After years of legal battles and two testimonies before the Ways and Means Oversight Subcommittee, Maryland farmer Randy Sowers is finally getting his wrongly-seized money back from the Internal Revenue Service (IRS).
Sowers, whose family owns and operates a dairy farm in Frederick County, Maryland, was forced to forfeit $29,500 after the IRS threatened to prosecute him and his wife for allegedly structuring their bank deposits to avoid IRS reporting requirements. As Sowers testified before the Subcommittee:
"We were scared to death to think they could throw my wife in jail for depositing money into the bank."
As Oversight Subcommittee Chairman Peter Roskam (R-IL) said to Randy Sowers and other victims of IRS abuse at our recent hearing on civil asset forfeiture policies:
"The IRS has used a law that's meant to help catch drug runners and terrorists to instead punish farmers and small business owners That's unethical, it's wrong, and it's happened in more than one case.
"We are sticking with you. You reflect a larger group and we are going to do our best to make sure that a coequal branch of government is held to account for what we think is an abuse."
Last week, after two years of robust bipartisan congressional oversight, the IRS announced that it would return to Sowers all the money he and his family had forfeited years earlier.
In response to the long-awaited conclusion of Randy Sowers' case, Chairman Roskam said:
"It's never too late to do the right thing. I'm glad the IRS stepped up and finally gave Randy Sowers his money back. His case was an affront to justice and the government can never truly compensate him for the ordeal it put him through. I only hope he can take comfort in the knowledge that his bravery and willingness to testify in front of Congress will ensure more American families do not suffer the same indignity."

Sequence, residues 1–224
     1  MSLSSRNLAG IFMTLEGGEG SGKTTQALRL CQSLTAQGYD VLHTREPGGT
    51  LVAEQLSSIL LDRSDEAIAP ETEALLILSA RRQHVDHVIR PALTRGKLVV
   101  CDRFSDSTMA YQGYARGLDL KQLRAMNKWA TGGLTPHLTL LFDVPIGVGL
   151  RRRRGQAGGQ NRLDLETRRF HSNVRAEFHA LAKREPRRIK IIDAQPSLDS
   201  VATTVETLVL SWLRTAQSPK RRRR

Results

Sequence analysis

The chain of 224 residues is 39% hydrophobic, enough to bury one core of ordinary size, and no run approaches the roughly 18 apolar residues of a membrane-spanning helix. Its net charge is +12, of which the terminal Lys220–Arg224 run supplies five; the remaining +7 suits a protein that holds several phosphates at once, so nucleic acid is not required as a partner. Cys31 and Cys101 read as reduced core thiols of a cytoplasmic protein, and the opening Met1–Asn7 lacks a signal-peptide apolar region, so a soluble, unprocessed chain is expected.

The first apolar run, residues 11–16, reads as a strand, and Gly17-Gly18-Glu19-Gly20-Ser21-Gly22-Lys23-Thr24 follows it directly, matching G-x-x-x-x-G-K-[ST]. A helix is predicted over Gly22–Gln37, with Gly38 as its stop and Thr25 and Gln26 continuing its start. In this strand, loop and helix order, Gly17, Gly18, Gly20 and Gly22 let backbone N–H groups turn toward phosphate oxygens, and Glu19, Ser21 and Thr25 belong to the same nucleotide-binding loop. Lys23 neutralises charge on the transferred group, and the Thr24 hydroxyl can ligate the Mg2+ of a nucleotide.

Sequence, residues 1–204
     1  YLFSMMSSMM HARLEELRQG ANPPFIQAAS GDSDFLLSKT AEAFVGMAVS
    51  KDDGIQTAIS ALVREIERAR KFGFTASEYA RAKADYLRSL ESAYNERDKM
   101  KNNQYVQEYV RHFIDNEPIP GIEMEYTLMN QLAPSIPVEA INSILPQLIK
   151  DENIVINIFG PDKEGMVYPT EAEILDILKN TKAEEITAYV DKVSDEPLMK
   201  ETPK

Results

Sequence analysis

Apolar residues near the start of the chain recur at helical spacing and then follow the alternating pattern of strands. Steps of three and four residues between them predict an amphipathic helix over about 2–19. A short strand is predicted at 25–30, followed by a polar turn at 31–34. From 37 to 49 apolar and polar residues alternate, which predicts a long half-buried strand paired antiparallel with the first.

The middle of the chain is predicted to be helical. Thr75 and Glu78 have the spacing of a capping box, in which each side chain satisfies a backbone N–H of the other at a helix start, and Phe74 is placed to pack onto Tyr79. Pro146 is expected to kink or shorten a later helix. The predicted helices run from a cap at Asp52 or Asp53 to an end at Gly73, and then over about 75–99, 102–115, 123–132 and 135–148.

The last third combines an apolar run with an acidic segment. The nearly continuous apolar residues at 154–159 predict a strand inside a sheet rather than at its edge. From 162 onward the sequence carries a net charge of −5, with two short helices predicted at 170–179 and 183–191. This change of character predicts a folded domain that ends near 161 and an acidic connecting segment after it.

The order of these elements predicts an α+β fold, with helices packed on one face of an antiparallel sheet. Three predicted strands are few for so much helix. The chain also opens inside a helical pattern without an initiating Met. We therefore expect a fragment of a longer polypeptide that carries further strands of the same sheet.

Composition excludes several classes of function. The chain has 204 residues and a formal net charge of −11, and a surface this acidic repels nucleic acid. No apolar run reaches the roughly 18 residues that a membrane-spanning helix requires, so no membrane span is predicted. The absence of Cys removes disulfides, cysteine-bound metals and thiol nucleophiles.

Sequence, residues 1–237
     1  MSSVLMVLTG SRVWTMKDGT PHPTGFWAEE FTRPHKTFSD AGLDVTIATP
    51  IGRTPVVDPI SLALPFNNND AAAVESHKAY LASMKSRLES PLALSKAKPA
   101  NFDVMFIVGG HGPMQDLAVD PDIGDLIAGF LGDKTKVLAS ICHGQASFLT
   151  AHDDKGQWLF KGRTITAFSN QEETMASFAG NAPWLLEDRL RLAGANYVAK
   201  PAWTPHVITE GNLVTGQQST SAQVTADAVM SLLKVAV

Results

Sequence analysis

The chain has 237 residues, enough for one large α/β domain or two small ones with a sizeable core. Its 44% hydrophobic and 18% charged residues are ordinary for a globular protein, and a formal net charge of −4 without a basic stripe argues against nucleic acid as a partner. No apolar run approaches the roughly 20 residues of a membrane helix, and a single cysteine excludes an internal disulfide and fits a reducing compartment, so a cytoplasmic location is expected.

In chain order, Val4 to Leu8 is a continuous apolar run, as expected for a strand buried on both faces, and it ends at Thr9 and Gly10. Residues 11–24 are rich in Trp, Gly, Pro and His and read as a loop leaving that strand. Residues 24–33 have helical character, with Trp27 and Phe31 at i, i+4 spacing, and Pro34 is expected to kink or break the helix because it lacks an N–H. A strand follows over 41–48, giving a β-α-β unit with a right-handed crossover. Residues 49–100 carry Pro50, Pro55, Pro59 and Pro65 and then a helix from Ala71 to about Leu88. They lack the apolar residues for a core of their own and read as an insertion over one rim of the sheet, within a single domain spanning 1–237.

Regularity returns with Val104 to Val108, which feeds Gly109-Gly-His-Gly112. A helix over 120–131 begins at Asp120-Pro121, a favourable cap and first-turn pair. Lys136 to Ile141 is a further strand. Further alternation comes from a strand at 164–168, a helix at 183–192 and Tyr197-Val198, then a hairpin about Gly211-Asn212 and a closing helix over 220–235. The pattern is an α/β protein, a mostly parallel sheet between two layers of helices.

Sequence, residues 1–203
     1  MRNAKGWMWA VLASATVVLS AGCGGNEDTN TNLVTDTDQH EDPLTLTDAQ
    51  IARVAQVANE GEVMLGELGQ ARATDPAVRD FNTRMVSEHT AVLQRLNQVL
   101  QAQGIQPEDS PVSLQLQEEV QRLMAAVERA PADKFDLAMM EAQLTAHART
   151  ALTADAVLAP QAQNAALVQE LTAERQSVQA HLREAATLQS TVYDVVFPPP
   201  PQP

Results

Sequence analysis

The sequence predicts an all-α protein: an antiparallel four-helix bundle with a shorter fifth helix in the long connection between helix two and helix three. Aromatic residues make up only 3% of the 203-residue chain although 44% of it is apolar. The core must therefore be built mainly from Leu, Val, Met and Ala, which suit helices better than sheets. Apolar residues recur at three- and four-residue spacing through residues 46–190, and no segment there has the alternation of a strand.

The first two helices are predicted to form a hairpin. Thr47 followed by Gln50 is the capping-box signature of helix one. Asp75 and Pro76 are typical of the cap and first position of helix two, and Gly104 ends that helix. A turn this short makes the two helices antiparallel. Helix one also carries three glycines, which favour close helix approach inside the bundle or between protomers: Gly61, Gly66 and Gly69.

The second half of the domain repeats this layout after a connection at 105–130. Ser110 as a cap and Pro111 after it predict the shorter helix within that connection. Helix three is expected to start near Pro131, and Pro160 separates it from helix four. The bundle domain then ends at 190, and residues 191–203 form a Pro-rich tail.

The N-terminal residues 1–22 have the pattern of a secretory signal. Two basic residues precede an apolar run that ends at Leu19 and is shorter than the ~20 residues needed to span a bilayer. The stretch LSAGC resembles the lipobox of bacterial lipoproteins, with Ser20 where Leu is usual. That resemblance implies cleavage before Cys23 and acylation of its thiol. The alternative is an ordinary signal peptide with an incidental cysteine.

The news comes just weeks after the IRS started complying with Congress' repeated bipartisan calls to resolve pending civil asset forfeiture cases and return wrongly seized assets.
It also follows the introduction of the Clyde-Hirsch-Sowers-RESPECT Act (H.R. 5523), bipartisan legislation named after Randy Sowers and other victims of IRS abuse. The legislation, introduced by Chairman Roskam and Rep. Joseph Crowley (D-NY) last month, will prevent hardworking taxpayers from being forced to forfeit their legally-earned assets in the future. Specifically, the bill will:
Require the IRS to show probable cause that funds were derived from an illegal source or connected to other criminal activity before the agency can seize funds;
Implement important procedural protections for taxpayers whose assets the IRS has seized, including a post-seizure hearing within 30 days after the seizure, or longer, if the asset-owner requests an extension; and
Exempt interest on wrongly seized funds from income tax if a court determines the government must return the funds and interest accrued to the victim of IRS abuse.
The Ways and Means Committee is expected to markup the legislation soon as it continues its bipartisan effort to hold the IRS accountable and bring justice to victims of IRS abuse.